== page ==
This is a project using Craft Baubles from a recent Baker Ross blogger box. They are an easy, effective, and pretty quick make to do, and there's plenty of time to make a few - they would look great on the Christmas Tree, or you could use them to decorate gift wrapping/bags, or even just as a gift as they are quite different. To make them you will need:

Craft Baubles - Pack Of 6  for £3.49
Ribbon
Stick On Gems
Stick On Pearls

To make just follow these steps below:



Unroll the hessian and place a craft bauble on the material, lifting up the sides around it. Move the bauble until you have a good amount of material around each side of the bauble, leaving room for the hanging loop to peek through.

Cut the hessian to size, then place the bauble in the centre again and wrap and fold it around. Tie several knots with the ribbon of your choice round the top, and then tie in a bow and cut to length.

Next gently fold back the piece of material at the top to give it more shape and to reveal the hanging loop.



Finally, it's time to decorate. I used small stick on gems, and pearls to add some colour, but in a subtle way, and I'm really pleased with the results. I'm sure you have all sorts of things you could use in your stash to decorate yours, and make them a bit different.

I'll be back soon with a make with some bark stars, please check in again soon, and if you've made anything for Christmas do share in the comments below, I'd love to check it out if you blogged about it too.

Friday, 2 December 2016

Beyond The Point - Local History Project In Essex

Sometimes, things don't go to plan, but that's okay, because I recently had the chance to catch up with one of the guys behind 'Beyond The Point' and had to give the content a new home on my blog. I really enjoyed their website, and some of their documentaries that I've been able to view. Maybe it's because a lot of their content is Essex related, or they just present things in an engaging way, but this is what I wanted history lessons to be like when I was at school.


BTP at Dover Castle

“Never leave the camera at home” that’s the message from Joe Mander, co-founder of ‘Beyond The Point’, a website bringing the history of South Essex to life. If you take the time to look through the photos and documentaries Joe and Liam have made, you’ll realise how true that message is! This is a blog on what 2 young men, their cameras, and their passion, have created.

When I was at school you could have divided our year quite easily into the history or geography camp. I was the latter, and absolutely loved geography at school, but became quite frustrated with the history teaching. I wasn’t inspired, and felt the curriculum was quite narrow. Thankfully for Essex Joe and Liam had a different learning experience, and were able to explore history in a creative way from a young age. “When Liam and I started junior school we set up the ‘History Club’, where we would make small art and craft items on a Friday afternoon. This was everything from Roman belt buckles made from foil, to cardboard pencil pots. We had always enjoyed history and just did this as a hobby.”


BTP at Vange Well
Joe and Liam continue to explore history in creative, traditional ways, and combine this with technology, to film, photograph and digitally preserve content on historic sites and abandoned buildings. Even ruins and former factories/farmland have made it onto the site. Recognising the role technology can play in connecting people of all ages with history has been an important one, and helped the site grow from a modest blog into a full website and hobby organisation. Joe comments that, “Back in our early days all we had was a horrible history book. Now kids can learn about their history through fun interactive games and videos, which is a really good thing. I think technology has played a big role in changing how people learn about history, now that it is much more accessible for everyone. You can find information in minutes.”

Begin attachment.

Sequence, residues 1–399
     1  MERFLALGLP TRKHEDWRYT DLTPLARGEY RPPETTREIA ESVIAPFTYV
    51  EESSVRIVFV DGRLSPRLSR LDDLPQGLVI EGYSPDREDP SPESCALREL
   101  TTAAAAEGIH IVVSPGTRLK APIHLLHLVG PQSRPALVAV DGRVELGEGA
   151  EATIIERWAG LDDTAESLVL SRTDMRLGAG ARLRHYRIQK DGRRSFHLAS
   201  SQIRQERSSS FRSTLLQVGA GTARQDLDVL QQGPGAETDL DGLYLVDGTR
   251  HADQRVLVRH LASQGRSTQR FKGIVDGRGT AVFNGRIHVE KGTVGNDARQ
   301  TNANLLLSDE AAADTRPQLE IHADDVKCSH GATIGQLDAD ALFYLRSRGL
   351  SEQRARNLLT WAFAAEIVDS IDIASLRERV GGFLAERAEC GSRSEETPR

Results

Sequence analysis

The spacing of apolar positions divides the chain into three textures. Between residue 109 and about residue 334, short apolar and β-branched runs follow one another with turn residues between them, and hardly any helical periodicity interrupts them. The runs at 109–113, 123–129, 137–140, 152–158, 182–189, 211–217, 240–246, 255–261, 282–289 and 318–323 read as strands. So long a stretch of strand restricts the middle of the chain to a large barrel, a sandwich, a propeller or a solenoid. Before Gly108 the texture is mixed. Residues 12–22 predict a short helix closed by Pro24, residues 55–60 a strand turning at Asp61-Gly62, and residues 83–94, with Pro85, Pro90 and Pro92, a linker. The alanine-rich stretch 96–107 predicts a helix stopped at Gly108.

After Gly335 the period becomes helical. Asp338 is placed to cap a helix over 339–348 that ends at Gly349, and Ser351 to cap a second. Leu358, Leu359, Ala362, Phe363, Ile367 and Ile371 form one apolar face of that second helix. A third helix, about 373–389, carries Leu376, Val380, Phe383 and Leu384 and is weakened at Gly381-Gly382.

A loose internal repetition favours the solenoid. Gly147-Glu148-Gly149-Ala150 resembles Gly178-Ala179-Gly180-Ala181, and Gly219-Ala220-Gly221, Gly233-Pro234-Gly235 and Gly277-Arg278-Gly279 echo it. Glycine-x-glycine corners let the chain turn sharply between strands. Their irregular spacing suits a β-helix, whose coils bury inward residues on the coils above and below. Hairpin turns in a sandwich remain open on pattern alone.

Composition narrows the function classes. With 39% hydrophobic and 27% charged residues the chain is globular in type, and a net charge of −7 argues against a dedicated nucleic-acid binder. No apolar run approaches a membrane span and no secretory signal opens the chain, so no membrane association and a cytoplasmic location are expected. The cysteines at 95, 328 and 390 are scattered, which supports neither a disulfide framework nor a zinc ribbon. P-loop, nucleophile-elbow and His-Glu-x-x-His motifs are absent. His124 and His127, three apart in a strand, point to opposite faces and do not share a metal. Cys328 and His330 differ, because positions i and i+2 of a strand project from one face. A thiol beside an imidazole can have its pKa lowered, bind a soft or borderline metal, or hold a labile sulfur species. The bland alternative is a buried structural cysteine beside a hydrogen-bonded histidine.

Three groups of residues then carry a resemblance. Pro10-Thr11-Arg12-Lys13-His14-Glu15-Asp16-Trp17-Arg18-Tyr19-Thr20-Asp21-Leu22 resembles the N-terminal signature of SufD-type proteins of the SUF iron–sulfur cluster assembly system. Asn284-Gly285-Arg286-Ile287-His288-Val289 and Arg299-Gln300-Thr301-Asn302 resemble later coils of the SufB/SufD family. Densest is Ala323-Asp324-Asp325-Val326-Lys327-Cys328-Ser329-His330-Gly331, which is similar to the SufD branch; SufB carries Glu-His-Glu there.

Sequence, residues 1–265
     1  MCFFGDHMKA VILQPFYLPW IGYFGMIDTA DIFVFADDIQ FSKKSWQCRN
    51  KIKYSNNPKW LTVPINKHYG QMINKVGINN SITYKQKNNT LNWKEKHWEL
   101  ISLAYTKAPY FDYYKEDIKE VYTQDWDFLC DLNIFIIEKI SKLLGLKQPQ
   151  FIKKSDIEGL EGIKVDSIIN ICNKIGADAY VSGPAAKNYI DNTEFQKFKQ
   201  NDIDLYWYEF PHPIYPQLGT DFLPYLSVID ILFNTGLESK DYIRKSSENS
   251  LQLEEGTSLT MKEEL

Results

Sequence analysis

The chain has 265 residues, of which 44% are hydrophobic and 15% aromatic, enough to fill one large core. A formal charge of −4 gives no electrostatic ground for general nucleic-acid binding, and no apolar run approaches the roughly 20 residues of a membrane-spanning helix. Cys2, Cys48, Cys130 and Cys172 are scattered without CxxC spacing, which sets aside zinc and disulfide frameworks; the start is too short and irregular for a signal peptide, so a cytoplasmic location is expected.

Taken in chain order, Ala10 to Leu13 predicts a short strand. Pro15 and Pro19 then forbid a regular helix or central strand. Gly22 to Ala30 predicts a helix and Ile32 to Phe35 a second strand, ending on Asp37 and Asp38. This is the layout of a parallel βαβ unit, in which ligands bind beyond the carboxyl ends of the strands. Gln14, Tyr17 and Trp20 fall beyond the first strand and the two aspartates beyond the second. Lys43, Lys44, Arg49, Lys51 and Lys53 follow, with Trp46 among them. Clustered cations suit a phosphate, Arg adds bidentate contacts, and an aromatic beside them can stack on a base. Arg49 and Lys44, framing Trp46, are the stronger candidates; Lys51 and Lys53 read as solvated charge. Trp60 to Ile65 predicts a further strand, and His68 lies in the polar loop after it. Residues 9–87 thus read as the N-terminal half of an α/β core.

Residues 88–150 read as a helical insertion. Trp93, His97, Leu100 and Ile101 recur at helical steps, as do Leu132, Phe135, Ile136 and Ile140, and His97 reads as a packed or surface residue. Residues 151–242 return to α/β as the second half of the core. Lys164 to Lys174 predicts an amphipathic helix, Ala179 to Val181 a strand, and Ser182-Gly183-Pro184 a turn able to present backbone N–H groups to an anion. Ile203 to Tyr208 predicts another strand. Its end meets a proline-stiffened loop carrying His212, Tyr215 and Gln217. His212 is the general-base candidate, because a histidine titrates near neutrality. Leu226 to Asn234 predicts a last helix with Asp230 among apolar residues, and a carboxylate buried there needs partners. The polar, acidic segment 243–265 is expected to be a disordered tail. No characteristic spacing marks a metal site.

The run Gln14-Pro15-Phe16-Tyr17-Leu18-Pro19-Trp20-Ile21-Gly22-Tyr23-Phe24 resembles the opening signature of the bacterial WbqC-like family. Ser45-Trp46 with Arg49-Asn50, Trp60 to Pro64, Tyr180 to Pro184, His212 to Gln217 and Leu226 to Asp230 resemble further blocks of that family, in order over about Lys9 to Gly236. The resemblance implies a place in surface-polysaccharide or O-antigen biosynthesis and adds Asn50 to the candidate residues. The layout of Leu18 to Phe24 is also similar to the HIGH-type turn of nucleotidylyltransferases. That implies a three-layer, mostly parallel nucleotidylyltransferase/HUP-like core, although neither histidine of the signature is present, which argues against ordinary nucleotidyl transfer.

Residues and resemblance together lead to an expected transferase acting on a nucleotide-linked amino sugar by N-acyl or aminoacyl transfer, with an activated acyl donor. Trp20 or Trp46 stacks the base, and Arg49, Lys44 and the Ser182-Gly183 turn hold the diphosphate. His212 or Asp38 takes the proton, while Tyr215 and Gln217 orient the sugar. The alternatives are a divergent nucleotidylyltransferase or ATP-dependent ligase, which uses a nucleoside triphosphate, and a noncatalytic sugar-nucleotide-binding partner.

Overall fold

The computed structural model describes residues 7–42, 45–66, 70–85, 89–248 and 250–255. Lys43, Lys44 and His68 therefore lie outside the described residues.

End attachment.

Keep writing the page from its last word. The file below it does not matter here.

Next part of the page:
Search the ‘Beyond The Point’ website, and in ‘minutes’ you will find articles on medieval food, the Guildhall and Roman Amphitheatre in London, the gunpowder plot, and Dutch Cottage in Canvey Island. It’s a mix of museums, general historical articles, visits to historic sites, and public land with a story. Then you come to the documentaries.

I have a point and click camera, and just hit record on my videos, but the pieces Joe and Liam film and edit are full documentaries, covering the familiar tourist trails, areas around where they grew up in South Essex, and uncovering lesser known places.


Filming For Their New Website
“Hadleigh Castle is one of South Essex’s most notable tourist ruins, but we are fortunate enough to know that directly adjacent to it you can find a Second World War gun battery, viaduct, pond, and jetty, over a century old, all unmarked. The sheet multitude and variety of locations we have visited is in itself a rare treat, considering it is such an eye opener to what lies un-signposted within our immediate locality.”


As a hobby, building up ‘Beyond The Point’ to the resource it is today has definitely kept them busy, and helped shape their futures. Joe has a role as an ITN news cameraman, Liam is heading off to university. Joe describes ‘Beyond The Point’ as “the best work experience they could ever ask for” and while both boys are looking to their future careers, with the launch of their new website, and expanding the areas and subjects they cover, something tells me they’ll be uploading content for many years to come.

Find Out More:
Beyond The Point has recently re-launched online, and their new website offers an interactive map to help you digitally explore photo and video content from all the places they have documented, and new guides to help everyone else explore the outdoors – I know I’ll be reading those to pick up some tips. Click over to http://www.beyondthepoint.co.uk/  or find them on Facebook.

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Love Themed Painted Tealight Holders